Activity Image
Safety

Walking to school

Introduce three keys to electrical safety through a video quiz.

  • Grades 2-7
  • Quiz
  • 30 mins

Single screen mode

A single screen and laptop is used for watching the video and answering questions together as a class.

Before you begin, make sure:

  • You’re connected to the internet
  • You’re projecting your screen for the class to see

Launch activity

Need help with using quiz activities in the classroom? Check out our Getting started guide.

Getting started guide

Multi-player mode

Multi-player mode allows you to run the activity while your students participate (either individually or in small groups) on their own phones, tablets, or computers.

Before you begin, make sure:

  • You and your students are all connected to the internet
  • You’re projecting your screen for the class to see

Launch activity

Need help with using quiz activities in the classroom? Check out our Getting started guide.

Getting started guide

Overview

A group of students walking to school use the three keys to electrical safety when they come across a downed power line. This interactive activity gives us the information needed to identify potential hazards in our neighbourhood by watching a video that presents electrical safety scenarios and poses questions to discuss as a class.

What you'll need

  • You’ll need internet access, a computer and screen to watch a video

Instructions

  • Let students know we’ll be watching a video with four electrical safety hazard scenarios, each one ending with a multiple choice question.
  • Watch the video as a class. After each scenario, the video will pause and present you with a question that can be discussed in pairs or as a class.
  • Decide as a whole class which answer or answers are correct – select the answer(s) on the screen and discuss the response.
  • When ready, continue on to the next scene.
  • After watching the video, reflect on what we learned. 
    • Were there any surprises? 
    • What are the 3 keys to electrical safety? 
    • Does anyone remember how far you should stay back from a downed power line?
  • Wrap up the activity by providing a visual representation of the safe distance to stay back from a downed power line (10 metres or about the length of a bus). Use a tape measure to mark out 10 metres and have students practice shuffling with their feet together.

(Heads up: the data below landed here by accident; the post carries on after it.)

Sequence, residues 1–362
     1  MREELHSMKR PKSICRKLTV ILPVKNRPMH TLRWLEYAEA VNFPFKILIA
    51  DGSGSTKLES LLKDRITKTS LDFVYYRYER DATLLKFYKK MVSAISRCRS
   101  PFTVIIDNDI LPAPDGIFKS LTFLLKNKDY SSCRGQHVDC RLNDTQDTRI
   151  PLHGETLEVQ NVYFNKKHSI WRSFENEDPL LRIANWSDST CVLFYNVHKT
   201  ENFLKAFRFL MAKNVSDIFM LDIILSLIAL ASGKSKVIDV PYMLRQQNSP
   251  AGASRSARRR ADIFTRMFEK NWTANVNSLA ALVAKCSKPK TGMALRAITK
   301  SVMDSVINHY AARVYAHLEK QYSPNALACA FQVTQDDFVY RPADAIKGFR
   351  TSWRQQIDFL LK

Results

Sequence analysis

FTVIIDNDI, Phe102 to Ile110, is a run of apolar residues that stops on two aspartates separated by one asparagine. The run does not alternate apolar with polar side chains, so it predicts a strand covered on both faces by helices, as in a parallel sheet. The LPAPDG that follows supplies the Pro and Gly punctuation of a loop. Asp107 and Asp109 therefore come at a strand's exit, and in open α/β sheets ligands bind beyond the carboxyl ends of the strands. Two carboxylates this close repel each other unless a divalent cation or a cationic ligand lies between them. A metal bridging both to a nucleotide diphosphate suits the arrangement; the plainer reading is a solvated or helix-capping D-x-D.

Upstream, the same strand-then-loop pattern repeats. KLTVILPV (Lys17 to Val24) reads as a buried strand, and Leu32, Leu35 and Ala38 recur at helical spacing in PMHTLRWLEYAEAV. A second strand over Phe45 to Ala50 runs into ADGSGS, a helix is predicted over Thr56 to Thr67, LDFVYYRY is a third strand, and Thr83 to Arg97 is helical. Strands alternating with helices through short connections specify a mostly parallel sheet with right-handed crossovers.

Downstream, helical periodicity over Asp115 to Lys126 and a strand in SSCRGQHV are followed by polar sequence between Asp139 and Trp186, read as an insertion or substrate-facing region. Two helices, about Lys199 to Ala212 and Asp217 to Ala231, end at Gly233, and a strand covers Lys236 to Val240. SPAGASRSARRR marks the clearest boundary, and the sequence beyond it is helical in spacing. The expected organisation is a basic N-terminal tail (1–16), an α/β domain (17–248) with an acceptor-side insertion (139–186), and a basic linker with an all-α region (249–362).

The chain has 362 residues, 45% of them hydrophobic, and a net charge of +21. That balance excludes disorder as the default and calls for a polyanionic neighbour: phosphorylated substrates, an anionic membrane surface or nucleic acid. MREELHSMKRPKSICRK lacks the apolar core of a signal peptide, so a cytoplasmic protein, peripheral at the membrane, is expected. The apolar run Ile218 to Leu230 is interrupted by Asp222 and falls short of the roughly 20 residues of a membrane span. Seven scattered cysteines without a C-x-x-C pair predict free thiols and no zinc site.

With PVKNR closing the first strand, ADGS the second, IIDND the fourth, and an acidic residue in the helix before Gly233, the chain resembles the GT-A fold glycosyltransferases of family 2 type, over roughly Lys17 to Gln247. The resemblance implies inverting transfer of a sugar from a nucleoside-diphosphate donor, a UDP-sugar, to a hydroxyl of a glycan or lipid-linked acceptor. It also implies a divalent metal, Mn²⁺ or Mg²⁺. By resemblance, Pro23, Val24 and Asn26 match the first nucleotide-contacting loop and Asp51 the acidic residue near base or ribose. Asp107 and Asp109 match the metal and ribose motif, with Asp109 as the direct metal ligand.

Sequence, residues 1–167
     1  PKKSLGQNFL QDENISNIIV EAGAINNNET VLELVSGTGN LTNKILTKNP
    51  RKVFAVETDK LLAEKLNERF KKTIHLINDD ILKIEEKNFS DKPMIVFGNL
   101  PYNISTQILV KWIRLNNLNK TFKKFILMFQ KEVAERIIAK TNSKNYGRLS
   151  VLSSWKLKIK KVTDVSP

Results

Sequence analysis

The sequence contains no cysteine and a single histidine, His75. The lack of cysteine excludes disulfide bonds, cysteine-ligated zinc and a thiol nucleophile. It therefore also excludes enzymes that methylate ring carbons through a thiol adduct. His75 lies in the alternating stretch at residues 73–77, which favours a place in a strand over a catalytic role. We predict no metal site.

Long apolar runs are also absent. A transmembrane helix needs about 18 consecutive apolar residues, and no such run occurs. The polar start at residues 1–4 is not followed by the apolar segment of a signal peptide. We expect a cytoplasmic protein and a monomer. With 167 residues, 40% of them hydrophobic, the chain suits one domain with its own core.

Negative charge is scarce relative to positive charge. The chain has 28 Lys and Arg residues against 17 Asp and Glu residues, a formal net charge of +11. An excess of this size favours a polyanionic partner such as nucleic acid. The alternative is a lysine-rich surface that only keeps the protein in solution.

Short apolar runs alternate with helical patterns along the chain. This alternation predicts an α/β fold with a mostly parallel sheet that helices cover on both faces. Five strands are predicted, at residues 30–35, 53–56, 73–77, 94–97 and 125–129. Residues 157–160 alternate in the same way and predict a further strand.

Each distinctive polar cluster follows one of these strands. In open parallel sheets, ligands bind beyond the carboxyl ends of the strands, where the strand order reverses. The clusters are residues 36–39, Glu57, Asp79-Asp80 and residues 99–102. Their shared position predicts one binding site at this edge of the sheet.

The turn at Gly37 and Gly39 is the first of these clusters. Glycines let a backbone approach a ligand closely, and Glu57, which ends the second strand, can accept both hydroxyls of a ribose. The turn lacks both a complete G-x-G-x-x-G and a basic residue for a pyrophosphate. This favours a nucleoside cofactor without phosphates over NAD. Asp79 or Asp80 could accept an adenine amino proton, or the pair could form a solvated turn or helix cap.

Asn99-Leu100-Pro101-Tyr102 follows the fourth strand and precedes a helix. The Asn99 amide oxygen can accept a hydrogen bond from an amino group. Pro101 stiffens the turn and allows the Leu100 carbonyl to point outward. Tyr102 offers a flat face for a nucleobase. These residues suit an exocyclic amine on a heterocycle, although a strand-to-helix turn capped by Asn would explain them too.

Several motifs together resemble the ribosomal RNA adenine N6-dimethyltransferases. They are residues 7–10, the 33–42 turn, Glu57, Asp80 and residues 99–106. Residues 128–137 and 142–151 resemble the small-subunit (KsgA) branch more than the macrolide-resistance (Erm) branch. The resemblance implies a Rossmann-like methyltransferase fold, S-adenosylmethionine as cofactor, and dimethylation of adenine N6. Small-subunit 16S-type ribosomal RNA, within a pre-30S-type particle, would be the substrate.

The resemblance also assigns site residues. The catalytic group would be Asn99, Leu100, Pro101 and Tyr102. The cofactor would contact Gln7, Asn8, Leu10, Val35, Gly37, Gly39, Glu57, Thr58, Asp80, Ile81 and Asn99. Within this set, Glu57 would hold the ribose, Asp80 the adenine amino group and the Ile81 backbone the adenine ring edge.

Additional Information

  • Assess students’ participation in class discussion
  • Assess students’ understanding of the three keys to electrical safety
  • Have students create a graphic novel, comic or poster to demonstrate understanding of what to do if they see a downed power line
  • Educate others about electrical safety:
    • Create an electrical safety display at school
    • Have students take the finished product home to share the message with family members
  • If it's down, it's a danger. Stay back at least 10 metres and dial 911
  • Always assume that downed or damaged power lines are live, even if they're not sparking or making  any sound

Down.

A downed line may be on the ground or caught in a tree. Wherever it's landed, it can be a danger to yourself and others.

Danger.

To be safe, shuffle (don't walk or hop) 10 metres away from a downed wire. Keep others in the vicinity at least a bus-length away.

Dial.

If you see a downed line, call 911 as soon as you can. Why 911? Emergency services can dispatch a team immediately to secure and keep your area safe, and will contact us right away.

Get more information about power outages, electrical safety, and trees & power lines at bchydro.com/besafe


Why do you need to shuffle?

When live power lines touch the ground, electricity flows into the ground and spreads in irregular circles (much like ripples in a pond after a stone is cast). As you get further away from the source, the electrical voltage (potential) weakens (10 metres being a safe distance). Electricity always flows from high potential to lower potential (much like a car in neutral gear rolling down a hill) and the reason why we shuffle is to ensure that your body is on the same voltage level. Humans are very good conductors of electricity; but, if we remain on the same voltage, then the electricity has no motivation to travel through your body (much like a car in neutral gear on a flat street). That’s why birds don’t get electrocuted while perched on power lines: their two feet are at the same electrical potential/voltage.

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